Defining the Public-Private Partnership on Terror

The war on terrorism has reshaped the relationship between government and the private security industry


One manifestation of how terror affects business can be witnessed within the context of the public-private partnership in the war on terror. The ever-evolving relationship between government and industry is symbiotic: Government supports business and industry aids government. However, there are tensions that may impede further cooperation between the two players.

Government Supports Industry
In waging its war on terrorism, both at home and abroad, government assists industry in a number of ways. The public sector purchases diverse homeland security products and services, including traditional defense equipment; security equipment, technology and services; technology products and services such as telecommunications and software; pharmaceuticals and biotechnology products; germ detection equipment and services; and survivalist gear such as gas masks and bomb shelters.

Government funding is also allocated to assist contractors to develop advanced military hardware, including advanced infantry gear and non-lethal weaponry. The public sector aids industries such as aviation and insurance directly and indirectly, providing funds and guarantee programs in anticipation of and after terror attacks.

The public sector shares intelligence with industry and provides business with guidance on combating terrorist threats. Since 9/11 government officials have alerted various sectors-financial services, energy, aviation, chemical facilities and real estate-of possible impending terror attacks. In May 2002, the government provided guidelines for protecting ventilation systems in buildings from biological, chemical and radiological attacks.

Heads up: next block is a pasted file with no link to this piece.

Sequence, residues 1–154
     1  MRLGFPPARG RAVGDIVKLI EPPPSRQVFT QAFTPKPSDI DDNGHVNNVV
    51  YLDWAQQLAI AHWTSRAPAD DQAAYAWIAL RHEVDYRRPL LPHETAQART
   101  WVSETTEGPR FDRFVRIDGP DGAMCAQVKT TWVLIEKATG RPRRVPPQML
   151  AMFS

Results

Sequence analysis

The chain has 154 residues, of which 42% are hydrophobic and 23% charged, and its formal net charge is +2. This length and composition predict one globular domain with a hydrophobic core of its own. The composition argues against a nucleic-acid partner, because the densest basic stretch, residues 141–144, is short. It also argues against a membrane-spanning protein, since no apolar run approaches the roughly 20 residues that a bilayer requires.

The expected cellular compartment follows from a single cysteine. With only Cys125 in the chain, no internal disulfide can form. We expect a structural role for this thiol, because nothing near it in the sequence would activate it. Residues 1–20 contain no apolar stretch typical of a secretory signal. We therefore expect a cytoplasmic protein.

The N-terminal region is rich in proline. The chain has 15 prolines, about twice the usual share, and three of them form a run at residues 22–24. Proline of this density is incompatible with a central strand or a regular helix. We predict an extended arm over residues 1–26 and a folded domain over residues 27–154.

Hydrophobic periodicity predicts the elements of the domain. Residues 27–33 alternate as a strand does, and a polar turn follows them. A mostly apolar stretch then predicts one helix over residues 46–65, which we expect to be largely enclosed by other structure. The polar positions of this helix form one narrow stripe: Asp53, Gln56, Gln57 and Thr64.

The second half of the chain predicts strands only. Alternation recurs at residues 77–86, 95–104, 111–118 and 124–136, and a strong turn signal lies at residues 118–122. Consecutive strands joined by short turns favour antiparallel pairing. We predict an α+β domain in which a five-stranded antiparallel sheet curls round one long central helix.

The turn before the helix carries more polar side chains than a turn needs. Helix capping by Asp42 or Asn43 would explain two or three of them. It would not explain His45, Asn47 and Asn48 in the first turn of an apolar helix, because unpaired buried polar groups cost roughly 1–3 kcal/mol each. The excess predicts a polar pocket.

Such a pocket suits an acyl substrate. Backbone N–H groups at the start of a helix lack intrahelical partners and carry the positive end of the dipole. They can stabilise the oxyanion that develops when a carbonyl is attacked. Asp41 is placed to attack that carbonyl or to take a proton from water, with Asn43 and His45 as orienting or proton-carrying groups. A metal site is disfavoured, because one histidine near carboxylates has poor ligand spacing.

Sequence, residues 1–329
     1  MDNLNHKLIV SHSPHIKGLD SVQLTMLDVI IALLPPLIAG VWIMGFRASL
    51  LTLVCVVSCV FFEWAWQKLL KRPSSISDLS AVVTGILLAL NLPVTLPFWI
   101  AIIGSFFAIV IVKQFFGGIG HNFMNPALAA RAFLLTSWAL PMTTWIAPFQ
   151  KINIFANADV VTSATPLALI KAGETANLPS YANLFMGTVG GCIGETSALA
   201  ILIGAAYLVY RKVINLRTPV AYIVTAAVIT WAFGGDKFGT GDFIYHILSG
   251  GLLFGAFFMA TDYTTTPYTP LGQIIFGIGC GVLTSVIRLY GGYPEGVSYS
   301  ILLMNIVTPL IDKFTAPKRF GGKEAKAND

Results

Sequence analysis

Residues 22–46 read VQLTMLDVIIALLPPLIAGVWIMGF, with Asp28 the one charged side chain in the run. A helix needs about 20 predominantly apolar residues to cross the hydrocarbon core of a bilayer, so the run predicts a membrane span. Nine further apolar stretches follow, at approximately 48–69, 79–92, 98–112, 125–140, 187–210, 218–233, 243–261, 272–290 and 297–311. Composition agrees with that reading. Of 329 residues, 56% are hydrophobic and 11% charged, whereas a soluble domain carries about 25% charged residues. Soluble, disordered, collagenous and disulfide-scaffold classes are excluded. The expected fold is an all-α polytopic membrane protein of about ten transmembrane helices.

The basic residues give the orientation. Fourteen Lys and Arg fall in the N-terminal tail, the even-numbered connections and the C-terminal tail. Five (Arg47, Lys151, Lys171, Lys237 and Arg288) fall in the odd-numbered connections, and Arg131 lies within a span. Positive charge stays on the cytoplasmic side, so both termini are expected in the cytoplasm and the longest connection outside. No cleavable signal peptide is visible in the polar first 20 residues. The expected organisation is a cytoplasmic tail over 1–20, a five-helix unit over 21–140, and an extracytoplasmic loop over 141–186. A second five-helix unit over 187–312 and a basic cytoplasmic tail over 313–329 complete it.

Government also enacts laws that somewhat limit private-sector liability arising from terror attacks. For instance, airlines and others were partially shielded from liability when 9/11 victims' families relinquished rights to potential lawsuits if they participated in the 9/11 Victims Compensation Fund. Potential insurance industry liability arising from terror attacks perpetrated on behalf of foreign interests was lessened due to post-9/11 legislation. The Support Anti-terrorism by Fostering Effective Technologies Act of 2002 potentially limits homeland security companies' liability should a government-certified product or service fail to prevent a terror incident.

The rising trend of privatizing some civilian and military functions enables business to enter into areas previously under the purview of government. For instance, in October 2002, Army Secretary Thomas White announced that the Army might shift additional support jobs to the private sector. Government provides business access to, and assistance from, labor resources instrumental in combating terrorism. For instance, in the case of commercial aviation, the National Guard's presence at airports deterred terrorist attacks. Intelligence and law enforcement data about suspected terrorists is sometimes shared with industry.

The public sector aids industry by offering business-friendly procedures within a homeland security-based context. For instance, companies that follow supply chain standards, procedural safeguards, and employee background investigations and training can benefit by gaining faster transit through customs.

Industry Aiding Government
Industry assists government in combating terrorism through a variety of means, including furnishing homeland security goods and services, safeguarding government assets, providing intelligence, outsourcing government roles and risks, and complementing governmental counterterror efforts.

The private sector makes available to government products and services collectively designated as homeland security wares. The public sector uses diverse bio-chem-radiological detection units in conjunction with metal and bomb detectors worldwide. Border and immigration government employees use biometric devices and video-technologies, among others.

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